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Page last updated at 14:12 GMT, Tuesday, 9 June 2009 15:12 UK

Mobile phone directory to launch

Dominic Laurie
Working Lunch

Watch Working Lunch's report, above

A company will begin offering a directory service from next week that allows people to find the mobile phone numbers of people they don't know.

Run by 118800, it will cost £1 and use databases of numbers it said are freely available for purchase and in the public domain.

Anyone searching for a number can type the name and location of the person into the 118800 website.

It claims to have some 15m numbers in its database.

Privacy campaigners have been angered by the system despite it getting the all-clear from the Information Commissioner's Office (ICO).

The ICO ruled that the system did comply with current law and was little different from companies who use such contact lists for cold calling.

It said that opting out of the service should be made easy for those not wanting their details to be used in the directory.

Privacy concerns

Shona Foster, Connectivity
Shona Foster says her company is acting ethically.

118800 gets numbers from three sources. First, market research companies who contact individuals and ask if they would be prepared to allow their numbers to be used for commercial purposes.

Second, from online businesses who often ask customers to tick boxes during the normal course of online transactions.

Thirdly, 118800 gets them from brokers who buy and sell lists of phone numbers.

118800 said that has about 15m phone numbers on its databases which is just a fraction of the 40m adults who have one or more handsets in the UK.

Some legal observers are concerned by the precedent the system sets.

"You are supposed to have people's consent if you are going to pass their number around and they need to know where it is going to go," says Chris Watson, a lawyer at CMS Cameron McKenna.

"When people tick a box, saying they have no objection to their number going to the company they are dealing with, they don't anticipate that it could then be sold.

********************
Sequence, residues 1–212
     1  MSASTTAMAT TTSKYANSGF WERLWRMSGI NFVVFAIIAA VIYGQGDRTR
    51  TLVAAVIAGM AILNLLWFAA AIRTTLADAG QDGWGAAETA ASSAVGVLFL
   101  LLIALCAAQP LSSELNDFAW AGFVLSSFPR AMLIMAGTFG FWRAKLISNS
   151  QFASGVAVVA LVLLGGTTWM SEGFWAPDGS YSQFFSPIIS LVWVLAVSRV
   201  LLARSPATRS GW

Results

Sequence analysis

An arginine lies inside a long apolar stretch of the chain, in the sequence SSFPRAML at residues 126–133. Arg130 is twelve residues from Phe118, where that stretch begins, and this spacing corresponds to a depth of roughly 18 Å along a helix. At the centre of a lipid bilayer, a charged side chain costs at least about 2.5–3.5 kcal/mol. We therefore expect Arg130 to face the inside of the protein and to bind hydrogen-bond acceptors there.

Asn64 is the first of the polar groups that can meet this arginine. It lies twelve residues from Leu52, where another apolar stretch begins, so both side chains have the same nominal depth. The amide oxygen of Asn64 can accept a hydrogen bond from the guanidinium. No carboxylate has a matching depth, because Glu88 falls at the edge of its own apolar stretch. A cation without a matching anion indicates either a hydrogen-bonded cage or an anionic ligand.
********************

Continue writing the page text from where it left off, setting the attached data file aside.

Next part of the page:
"Not just possibly to trading partners, but to anybody under the sun".

Connectivity - the company operating the 118800 service - said that privacy is paramount to them, and that it's easy to withdraw your mobile phone number from their databases should you choose to do so.

To unsubscribe, you can either click on the ex directory button on the their web homepage, or you can text the letter 'E' to 118800 from the mobile phone you want to be made ex-directory. 118800 will send you an SMS message confirming you've been taken off.

118800 website

"We are accessing data in the same way that lots of other companies do for marketing purposes", Shona Forster, 118800's Marketing Director, told Working Lunch.

"The difference is that we don't use that data for marketing purposes and we don't sell it on to anybody else".

How it works

If the company has it, contact details will be sent in a text message to them.

On the phone version, you call the number, and again they will check whether they have the person's details on their database.

You are supposed to have people's consent if you are going to pass their number around and they need to know where it is going to go.
Chris Watson, Lawyer

If they do, they will call them up while you are still on the line and ask them whether they are prepared to have your call put through to them.

In neither case is the mobile phone number given over to the person making the request.

Both services cost £1.

For most of the 20th century, the landline was the only phone around. With the mobile you're always available, so it's the number most of us dial first.

So it is perhaps not surprising that a directory service is starting up that allows people to find out someone else's mobile phone number in the same way we've always been able to do for landlines.

video and audio news
Raj Raithatha, chief executive of Connectivity, the controversial mobile phone directory service, tells Working Lunch's Declan Curry that the 118800 service is an innovation.


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